# A constant function!

• July 6th 2009, 12:00 PM
NonCommAlg
A constant function!
True or False:

$x \ + \ \sin x \ + \ \sin(x \ + \ \sin x) \ + \ \sin(x \ + \ \sin x \ + \ \sin(x \ + \ \sin x)) \ + \ \cdots=\pi$ for all $0 < x < 2\pi.$
• July 6th 2009, 05:08 PM
halbard
Let $f(x)=x+\sin x$ for $0. Then $f'(x)=1+\cos x\geq0$, so $f(x)$ is one-one, mapping $I=(0,2\pi)$ to itself.

Define $f_0(x)=f(x)$, $f_n(x)=f(f_{n-1}(x))$. The given function is $G(x)=\lim_{n\to\infty}f_n(x)$, where the limit exists, and $G:I\to I$.

It follows that $f(G(x))=G(x)$, and so $G(x)+\sin G(x)=G(x)$.

Therefore $\sin G(x)=0$, which implies that $G(x)=\pi$ on $I$.

As for the limit, we know that $0<\frac{\sin x}x\leq 1$ for $-\pi, and so $0\leq 1-\frac{\sin(\pi-x)}{\pi-x}=1-\frac{\sin x}{\pi-x}<1$ for $x\in I$.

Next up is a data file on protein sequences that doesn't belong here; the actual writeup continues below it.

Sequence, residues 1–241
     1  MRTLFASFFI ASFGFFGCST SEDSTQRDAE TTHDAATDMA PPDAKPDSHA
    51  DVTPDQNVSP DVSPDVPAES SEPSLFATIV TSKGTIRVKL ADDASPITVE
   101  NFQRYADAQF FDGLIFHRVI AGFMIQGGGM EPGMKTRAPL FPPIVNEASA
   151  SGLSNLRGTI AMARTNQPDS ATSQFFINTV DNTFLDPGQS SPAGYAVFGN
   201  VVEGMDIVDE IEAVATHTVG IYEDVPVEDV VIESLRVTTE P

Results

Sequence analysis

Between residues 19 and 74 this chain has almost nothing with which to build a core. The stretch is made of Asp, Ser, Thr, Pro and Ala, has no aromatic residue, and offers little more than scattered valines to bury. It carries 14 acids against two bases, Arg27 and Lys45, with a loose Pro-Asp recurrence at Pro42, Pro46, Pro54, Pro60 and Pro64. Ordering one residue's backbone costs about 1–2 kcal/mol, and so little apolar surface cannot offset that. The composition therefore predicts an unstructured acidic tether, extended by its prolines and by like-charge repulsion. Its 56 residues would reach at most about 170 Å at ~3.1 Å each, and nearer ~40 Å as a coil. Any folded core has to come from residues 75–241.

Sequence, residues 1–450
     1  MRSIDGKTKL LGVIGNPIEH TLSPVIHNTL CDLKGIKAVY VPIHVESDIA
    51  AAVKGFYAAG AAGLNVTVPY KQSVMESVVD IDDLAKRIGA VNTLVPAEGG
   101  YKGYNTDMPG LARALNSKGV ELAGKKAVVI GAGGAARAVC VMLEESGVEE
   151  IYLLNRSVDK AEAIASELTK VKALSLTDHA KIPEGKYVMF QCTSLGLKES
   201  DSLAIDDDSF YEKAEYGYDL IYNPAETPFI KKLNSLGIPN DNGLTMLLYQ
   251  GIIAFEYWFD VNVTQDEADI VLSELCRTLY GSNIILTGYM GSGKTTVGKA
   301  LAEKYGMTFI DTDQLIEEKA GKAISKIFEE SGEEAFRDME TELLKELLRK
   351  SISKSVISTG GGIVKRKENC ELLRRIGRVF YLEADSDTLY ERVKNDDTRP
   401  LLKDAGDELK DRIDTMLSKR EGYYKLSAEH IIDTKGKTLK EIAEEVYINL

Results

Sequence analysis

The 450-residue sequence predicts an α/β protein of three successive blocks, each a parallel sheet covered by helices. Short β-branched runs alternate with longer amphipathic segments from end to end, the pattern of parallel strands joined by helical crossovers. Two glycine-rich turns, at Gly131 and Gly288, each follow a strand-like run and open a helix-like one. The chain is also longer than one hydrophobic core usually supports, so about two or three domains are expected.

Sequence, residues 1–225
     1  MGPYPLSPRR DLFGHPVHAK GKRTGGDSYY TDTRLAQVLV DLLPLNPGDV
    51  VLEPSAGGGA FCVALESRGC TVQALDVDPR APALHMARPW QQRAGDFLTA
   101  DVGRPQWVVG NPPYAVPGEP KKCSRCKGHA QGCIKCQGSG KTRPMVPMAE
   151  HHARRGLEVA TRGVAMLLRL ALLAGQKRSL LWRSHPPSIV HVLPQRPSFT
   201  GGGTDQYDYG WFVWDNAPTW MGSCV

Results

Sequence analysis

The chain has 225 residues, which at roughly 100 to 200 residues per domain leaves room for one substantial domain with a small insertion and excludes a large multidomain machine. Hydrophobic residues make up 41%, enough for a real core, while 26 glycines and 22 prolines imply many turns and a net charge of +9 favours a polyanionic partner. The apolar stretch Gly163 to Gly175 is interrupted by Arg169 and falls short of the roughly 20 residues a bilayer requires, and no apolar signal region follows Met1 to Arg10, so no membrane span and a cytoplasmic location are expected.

Given $\epsilon>0$ we may choose $k<1$ depending on $\epsilon$ such that $1-\frac{\sin x}{\pi-x} for all $x\in[\epsilon,2\pi-\epsilon]$.

It follows that $|\pi-x-\sin x| for all $x\in[\epsilon,2\pi-\epsilon]$.

This means that $|\pi-f(x)| in this interval. Also if $f$ maps $[\epsilon,2\pi-\epsilon]$ to itself, since $f(x)$ is closer to $\pi$ than $x$ is. Thus

$|\pi-f_n(x)|. It follows that $G(x)=\lim_{n\to\infty}f_n(x)=\pi$ for all $x$ in the interval $[\epsilon,2\pi-\epsilon]$.

Since $\epsilon$ is arbitrary (get this!) we have $G(x)=\pi$ for all $x\in I$.

If this works I will definitely LOL.